Physiologically-Based Pharmacokinetic (PBPK) Modeling and Simulations: Principles, Methods, and Applications in the Pharmaceutical Industry

Physiologically-Based Pharmacokinetic (PBPK) Modeling and Simulations: Principles, Methods, and Applications in the Pharmaceutical Industry

By: Sheila Annie Peters (author)Hardback

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Description

This book describes the principles, methods, and applications of PBPK modeling in the pharmaceutical industry. It addresses a growing need, as more and more pharma companies are integrating PBPK into their lead selection cycle and clinical development. Moving easily from theory to practice, the author presents coverage of both the principles and applications of PBPK modeling, exposing the power of this tool to improve the process of drug discovery and development. With end-of-chapter glossaries, extensive bibliographic references, and an emphasis on practical applications, this resource provides a much-needed single source for this important area.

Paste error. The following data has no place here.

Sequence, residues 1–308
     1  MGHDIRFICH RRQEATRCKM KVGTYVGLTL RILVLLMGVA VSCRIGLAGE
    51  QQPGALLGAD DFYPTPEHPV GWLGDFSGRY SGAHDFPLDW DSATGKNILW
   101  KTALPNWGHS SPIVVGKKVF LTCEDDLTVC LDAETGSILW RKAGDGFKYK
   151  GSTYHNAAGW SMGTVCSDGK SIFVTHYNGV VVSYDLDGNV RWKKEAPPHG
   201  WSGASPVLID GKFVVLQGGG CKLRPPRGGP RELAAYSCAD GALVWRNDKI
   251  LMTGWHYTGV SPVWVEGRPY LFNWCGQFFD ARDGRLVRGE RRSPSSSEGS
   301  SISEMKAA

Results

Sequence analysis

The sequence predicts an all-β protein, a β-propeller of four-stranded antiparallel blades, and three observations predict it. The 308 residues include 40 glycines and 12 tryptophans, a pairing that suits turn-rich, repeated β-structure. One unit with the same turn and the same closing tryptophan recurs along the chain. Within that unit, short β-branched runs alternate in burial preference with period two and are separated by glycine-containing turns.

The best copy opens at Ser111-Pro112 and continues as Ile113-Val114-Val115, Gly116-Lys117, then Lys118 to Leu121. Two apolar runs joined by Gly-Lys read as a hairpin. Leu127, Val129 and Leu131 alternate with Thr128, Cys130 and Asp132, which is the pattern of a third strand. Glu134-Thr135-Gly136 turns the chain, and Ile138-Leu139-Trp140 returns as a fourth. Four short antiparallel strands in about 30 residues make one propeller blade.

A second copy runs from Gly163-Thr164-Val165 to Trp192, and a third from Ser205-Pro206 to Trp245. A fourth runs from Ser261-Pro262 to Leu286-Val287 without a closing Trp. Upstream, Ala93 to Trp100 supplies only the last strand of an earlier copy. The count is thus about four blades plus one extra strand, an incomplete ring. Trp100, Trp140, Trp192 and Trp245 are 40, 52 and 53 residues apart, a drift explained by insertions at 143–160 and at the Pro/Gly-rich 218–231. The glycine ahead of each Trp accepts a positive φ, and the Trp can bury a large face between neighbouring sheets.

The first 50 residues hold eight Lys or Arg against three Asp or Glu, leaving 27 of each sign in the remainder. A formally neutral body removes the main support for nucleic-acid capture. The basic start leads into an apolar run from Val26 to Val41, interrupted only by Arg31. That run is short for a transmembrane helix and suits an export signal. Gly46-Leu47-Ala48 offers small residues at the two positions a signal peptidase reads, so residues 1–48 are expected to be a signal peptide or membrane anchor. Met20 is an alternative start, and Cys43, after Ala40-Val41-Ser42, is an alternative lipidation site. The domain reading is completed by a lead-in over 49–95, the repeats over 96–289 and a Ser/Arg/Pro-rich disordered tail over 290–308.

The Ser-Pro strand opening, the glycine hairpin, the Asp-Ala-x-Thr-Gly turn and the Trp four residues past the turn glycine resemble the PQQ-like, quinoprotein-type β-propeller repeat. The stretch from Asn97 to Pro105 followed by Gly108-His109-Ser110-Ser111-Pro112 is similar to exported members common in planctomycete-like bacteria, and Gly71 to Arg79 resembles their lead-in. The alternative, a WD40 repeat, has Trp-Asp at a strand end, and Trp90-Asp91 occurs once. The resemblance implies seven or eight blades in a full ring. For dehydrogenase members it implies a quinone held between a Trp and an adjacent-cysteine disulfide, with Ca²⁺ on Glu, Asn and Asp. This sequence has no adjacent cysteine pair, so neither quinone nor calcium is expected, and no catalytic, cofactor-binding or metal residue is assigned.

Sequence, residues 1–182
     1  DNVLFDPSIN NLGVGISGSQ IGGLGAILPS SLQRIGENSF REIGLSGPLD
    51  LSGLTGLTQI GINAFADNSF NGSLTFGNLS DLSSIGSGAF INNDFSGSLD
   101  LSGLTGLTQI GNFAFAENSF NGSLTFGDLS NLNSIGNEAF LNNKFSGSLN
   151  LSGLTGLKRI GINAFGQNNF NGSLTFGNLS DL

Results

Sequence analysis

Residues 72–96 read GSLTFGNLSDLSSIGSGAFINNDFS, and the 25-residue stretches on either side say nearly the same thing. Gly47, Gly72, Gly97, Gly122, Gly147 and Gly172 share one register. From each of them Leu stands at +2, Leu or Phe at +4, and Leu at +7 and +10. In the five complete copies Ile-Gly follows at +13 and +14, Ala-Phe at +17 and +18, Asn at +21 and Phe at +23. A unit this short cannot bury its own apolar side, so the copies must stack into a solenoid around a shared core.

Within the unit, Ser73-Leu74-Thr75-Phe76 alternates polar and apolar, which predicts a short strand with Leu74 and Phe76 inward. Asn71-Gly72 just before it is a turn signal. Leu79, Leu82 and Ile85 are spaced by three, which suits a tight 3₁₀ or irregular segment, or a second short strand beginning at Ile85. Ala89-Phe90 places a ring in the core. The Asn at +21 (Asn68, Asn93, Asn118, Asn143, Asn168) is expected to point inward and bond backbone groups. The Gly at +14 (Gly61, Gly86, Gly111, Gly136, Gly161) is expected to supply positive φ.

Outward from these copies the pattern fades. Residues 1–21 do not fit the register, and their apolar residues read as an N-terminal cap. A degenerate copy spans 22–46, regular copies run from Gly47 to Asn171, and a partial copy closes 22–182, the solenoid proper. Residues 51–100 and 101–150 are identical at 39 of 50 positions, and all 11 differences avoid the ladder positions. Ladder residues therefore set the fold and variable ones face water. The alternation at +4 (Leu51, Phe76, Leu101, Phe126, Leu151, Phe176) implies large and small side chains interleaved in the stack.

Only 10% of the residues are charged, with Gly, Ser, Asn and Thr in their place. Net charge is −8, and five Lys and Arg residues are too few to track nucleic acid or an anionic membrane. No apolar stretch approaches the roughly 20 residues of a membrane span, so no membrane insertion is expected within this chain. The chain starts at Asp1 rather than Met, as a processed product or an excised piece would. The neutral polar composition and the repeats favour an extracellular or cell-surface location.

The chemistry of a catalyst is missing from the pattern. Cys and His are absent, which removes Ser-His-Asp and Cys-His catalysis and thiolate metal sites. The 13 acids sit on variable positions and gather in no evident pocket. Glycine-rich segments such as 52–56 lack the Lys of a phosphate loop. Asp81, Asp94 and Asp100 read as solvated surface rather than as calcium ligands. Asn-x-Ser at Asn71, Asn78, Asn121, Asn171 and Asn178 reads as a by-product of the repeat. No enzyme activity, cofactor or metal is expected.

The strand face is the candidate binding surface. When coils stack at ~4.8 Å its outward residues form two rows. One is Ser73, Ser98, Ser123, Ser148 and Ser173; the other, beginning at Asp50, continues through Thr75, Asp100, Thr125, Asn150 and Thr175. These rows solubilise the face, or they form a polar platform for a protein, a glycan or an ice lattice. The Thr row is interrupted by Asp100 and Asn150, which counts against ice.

About Author

Sheila Annie Peters, PhD, is an Associate Principal Scientist for R&I DMPK at AstraZeneca. Previously, she was Principal Scientist at Cyprotex Discovery and lectured at the National Institute of Technology (Trichy, India), University of Madras, and Pondicherry University.

Contents